COVID-19: Harsh Impacts, Downward and Upward Trends, and Innovation
Data coming in about the COVID-19 pandemic shows some promising overall trends, with other more disturbing ones, particularly in breakthrough infections of the fully vaccinated. However, researchers are continuing to innovate. Here’s a look.
1 in 500 Americans Have Died of COVID-19
Data from Johns Hopkins University shows that 662,899 people have died of COVID-19 in the U.S since the beginning of the pandemic. Based on the number of people who responded to the 2020 Census conducted near COVID-19’s onset, the 662,899th death equated to 0.2% of the American population. About half of those deaths occurred before December 25, 2020, which clearly underlines how inaccurate the sentiment was that the pandemic was about over leading into 2021.
Much of the recent increase is related to the delta variant, which is significantly more infectious than the other variants, especially the original Wuhan wildtype strain and the alpha variant that originated in the UK.
In some of the states most affected by the Delta variant this summer, the rate has been declining - in Missouri, which saw a surge in cases starting in early July, cases are down 10% over the past week to an average of about 2,100 per day, a 29% drop from the latest peak in early August - though West Virginia and Kentucky are still seeing cases.
Kentucky is setting records with Gov. Andy Beshear stating that the state reported a record number of new cases from Aug. 30 to Sept. 5, with 30,680 cases.
Despite the grim news, there’s a bright side. The seven-day average of daily COVID-19 cases as of September 12 was about 144,300, down 12% from the previous week and down 14% from the most recent peak on September 1. There are also hints that COVID-19 hospitalization and death rates, which typically lag behind case counts, are dropping.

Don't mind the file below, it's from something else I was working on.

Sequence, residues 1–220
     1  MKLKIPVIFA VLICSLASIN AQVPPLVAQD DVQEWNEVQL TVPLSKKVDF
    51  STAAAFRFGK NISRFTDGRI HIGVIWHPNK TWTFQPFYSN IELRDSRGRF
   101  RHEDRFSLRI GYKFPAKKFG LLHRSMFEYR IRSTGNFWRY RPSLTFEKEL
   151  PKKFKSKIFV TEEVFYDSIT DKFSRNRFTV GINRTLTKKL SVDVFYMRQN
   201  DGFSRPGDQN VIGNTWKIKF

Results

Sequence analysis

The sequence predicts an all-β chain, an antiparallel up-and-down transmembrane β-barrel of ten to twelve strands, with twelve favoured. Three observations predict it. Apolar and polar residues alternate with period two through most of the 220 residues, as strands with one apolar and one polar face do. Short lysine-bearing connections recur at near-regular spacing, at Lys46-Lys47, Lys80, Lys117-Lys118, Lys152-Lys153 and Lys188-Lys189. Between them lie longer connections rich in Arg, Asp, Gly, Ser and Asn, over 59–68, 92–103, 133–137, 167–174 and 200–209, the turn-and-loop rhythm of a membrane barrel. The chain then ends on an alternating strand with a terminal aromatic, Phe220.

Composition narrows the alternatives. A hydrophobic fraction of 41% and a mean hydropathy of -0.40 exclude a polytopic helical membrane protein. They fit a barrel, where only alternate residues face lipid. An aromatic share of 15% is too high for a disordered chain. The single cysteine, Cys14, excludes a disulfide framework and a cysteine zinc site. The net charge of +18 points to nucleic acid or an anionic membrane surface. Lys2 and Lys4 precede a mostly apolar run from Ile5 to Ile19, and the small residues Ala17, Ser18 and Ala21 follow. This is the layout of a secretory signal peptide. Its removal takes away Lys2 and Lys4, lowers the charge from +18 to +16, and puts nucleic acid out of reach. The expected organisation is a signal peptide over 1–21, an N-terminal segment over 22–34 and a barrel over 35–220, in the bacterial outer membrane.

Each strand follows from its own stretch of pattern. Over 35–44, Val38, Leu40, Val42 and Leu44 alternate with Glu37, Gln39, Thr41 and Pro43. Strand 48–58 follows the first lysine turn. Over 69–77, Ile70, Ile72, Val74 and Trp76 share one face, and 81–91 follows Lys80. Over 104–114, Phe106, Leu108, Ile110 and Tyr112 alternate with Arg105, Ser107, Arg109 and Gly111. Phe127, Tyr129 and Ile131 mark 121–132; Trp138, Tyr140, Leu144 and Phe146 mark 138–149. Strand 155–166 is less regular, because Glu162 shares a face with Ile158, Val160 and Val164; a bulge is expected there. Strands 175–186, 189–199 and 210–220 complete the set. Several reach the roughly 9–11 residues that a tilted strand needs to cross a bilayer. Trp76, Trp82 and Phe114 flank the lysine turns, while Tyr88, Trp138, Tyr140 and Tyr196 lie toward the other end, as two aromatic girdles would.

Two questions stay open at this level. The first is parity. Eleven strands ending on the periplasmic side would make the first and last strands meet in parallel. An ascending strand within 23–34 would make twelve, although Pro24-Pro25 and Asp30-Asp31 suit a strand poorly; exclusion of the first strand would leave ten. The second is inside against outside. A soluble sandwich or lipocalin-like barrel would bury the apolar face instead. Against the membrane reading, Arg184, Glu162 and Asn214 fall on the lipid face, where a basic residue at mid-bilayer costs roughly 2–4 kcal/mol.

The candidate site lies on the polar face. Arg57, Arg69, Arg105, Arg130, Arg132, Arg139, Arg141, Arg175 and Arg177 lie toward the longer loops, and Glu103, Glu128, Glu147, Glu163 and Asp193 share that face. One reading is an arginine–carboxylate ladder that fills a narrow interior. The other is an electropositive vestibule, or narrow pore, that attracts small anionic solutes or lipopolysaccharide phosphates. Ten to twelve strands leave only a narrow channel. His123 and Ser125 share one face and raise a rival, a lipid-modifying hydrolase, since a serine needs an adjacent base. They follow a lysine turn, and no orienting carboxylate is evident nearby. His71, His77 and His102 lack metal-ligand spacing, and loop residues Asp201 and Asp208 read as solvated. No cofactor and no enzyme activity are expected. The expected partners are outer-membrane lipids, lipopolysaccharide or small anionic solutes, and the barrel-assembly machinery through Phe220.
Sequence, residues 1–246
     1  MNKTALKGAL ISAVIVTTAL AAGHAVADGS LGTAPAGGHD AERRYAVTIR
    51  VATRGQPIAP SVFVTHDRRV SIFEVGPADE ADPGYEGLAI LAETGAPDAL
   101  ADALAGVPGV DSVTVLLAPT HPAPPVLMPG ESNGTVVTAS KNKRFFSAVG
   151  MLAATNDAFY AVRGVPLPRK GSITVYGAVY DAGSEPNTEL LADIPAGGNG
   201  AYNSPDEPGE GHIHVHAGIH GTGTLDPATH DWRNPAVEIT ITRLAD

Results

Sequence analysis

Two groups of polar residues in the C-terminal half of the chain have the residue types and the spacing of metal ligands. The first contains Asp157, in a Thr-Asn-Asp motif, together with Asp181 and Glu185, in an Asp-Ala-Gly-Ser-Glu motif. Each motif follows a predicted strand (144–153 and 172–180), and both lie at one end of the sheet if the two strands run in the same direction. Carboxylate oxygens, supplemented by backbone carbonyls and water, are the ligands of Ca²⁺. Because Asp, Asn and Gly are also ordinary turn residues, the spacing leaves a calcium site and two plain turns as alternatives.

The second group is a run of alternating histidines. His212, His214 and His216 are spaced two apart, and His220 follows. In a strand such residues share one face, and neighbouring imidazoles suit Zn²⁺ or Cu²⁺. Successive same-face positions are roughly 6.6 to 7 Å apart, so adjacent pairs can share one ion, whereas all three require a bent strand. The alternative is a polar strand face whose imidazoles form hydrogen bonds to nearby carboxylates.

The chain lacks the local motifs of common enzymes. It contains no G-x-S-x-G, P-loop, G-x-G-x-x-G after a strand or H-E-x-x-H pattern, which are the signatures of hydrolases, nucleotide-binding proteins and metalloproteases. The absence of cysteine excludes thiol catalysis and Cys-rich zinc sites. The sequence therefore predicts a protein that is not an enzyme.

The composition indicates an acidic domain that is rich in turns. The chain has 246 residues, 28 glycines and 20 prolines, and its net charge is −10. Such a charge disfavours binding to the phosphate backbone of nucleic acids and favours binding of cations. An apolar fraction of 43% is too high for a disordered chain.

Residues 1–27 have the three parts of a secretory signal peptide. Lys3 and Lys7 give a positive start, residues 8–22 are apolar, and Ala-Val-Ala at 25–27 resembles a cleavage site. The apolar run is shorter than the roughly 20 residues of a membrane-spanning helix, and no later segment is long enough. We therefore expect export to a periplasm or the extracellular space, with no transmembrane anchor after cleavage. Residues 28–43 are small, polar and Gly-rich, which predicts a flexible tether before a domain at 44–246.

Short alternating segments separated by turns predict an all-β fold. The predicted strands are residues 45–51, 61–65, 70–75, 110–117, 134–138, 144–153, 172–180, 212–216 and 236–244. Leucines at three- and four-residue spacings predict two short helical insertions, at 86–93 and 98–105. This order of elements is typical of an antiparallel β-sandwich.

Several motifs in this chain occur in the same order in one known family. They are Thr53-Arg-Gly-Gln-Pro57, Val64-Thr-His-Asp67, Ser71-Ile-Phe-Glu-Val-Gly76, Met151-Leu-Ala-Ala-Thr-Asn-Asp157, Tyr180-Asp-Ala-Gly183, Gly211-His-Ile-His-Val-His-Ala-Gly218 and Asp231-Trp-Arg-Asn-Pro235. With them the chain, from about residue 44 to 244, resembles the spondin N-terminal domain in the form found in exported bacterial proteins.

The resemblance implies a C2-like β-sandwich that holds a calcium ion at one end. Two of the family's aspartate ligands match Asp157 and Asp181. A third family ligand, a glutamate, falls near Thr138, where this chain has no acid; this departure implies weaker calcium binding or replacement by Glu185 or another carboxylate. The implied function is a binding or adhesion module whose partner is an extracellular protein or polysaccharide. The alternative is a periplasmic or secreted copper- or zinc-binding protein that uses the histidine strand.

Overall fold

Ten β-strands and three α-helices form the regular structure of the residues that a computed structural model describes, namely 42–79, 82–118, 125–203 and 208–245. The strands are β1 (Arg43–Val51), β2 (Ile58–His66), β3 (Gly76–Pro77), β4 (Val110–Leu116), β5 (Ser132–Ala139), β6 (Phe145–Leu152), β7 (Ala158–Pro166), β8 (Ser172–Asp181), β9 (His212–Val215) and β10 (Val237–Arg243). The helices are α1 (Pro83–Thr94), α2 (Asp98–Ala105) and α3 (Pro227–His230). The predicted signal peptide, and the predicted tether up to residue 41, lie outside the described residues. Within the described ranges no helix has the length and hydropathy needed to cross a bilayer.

Breakthrough COVID-19 Cases Increasing in the Fully Vaccinated in the U.S.
Data published by the U.S. Centers for Disease Control and Prevention (CDC) indicate that 25% of COVID-19 infections in Los Angeles County from May through July 25 were in people who were fully vaccinated against the disease. Part of this data will be used to determine if the U.S. Food and Drug Administration (FDA) recommends a third booster dose (or second, in the case of the Johnson & Johnson shot). The Biden administration has cited September 20 as the beginning of booster shots, but that depends on the FDA and the CDC’s determinations and data analysis.
The data does indicate that full vaccinations continue to protect from severe cases. According to the CDC study, 3.2% of fully vaccinated people with breakthrough infections were hospitalized, only 0.05% were admitted to an intensive care unit and 0.25% were placed on a ventilator. That compares to the unvaccinated, where 7.5% were hospitalized, 1.5% were admitted to an ICU and 0.5% required ventilation.
As COVID Increases, China’s Economy Founders
China has the world’s second-largest economy, just behind the United States, and like much of the world, has struggled during the COVID-19 pandemic. A recent report indicates that COVID-19 cases are rising again in the country while the economy struggled in August. According to the National Bureau of Statistics, retail sales increased only 2.5% year-on-year, lower than the 7% increases predicted. Industrial production rose by 5.3% in August, down from July’s 2 6.4%.